Students who receive Stafford Loans through a lender to pay for their tuition will be affected by some recent changes in the loan process.
Beginning with loans that are dispersed for the summer 2009 semester, students will have to borrow money through the Federal Direct Program instead of the Federal Family Education Loan Program.
“Emporia State has always been authorized to do direct loan,” said Elaine Henrie, director of financial aid and registrar. “The only difference is, instead of going through a lender or a servicer, we are just going through the department of education. It’s just a different process in where the money is coming from.”
Henrie also said that there are not benefits or disadvantages to either program. For students, the main difference will be that banks, or other types of lenders, will not provide loans for Emporia State students.
“If you are a student who has had the same lender all the way through, you wouldn’t see a bit of difference,” Henrie said.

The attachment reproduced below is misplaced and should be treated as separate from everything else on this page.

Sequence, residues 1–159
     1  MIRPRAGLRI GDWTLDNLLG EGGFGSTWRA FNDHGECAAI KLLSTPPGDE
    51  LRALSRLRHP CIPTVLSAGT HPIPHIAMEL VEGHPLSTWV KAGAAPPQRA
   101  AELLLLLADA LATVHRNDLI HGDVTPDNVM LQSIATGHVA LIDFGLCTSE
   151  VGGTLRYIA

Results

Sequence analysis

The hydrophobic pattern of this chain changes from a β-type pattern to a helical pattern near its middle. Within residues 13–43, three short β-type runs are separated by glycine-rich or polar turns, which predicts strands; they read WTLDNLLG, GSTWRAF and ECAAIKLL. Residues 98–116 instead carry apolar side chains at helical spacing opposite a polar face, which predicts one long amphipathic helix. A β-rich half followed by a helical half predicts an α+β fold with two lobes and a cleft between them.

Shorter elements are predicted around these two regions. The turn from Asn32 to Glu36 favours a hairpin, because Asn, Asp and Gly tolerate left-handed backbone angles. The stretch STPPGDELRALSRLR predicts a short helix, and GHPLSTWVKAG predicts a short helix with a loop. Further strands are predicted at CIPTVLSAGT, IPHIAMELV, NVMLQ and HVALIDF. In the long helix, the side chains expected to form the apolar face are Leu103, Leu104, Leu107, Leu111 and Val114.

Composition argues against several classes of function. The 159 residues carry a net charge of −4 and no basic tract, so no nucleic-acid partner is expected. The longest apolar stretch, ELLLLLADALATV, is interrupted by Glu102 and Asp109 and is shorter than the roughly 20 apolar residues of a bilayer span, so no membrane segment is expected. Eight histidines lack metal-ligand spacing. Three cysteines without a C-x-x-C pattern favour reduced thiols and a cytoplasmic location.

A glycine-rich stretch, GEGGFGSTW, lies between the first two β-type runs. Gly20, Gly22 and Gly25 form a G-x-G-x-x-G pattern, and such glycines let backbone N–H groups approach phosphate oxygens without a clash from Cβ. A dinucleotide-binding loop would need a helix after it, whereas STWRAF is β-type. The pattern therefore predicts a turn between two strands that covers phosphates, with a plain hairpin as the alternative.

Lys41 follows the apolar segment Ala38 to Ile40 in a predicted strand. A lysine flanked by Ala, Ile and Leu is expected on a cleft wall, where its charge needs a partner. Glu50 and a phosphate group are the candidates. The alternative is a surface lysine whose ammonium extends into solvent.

This change does not affect how much money students are eligible for or the amount of money that is available.
“All of that money kind of comes from the same place,” Henrie said. “It’s all backed by the federal government. The federal legislation determines how much money you can borrow.”
In the FFELP, lenders can choose whether they want to issue student loans. When a lender decides to discontinue service, the students who received loans from that lender have to change lenders.
“Every time a lender drops out of the program, you have to sign a new master promissory note,” Henrie said. “It was a problem for some students. We had some students who had to do multiple master promissory notes.”
With the direct program, students will not have to worry about signing a new master promissory note whenever lenders decide to stop lending, which is one reason why the university decided to make the change.
“When we decided to go just direct loan, it takes all of those different possibilities that you could have selected a lender who no longer participates in the program,” Henrie said.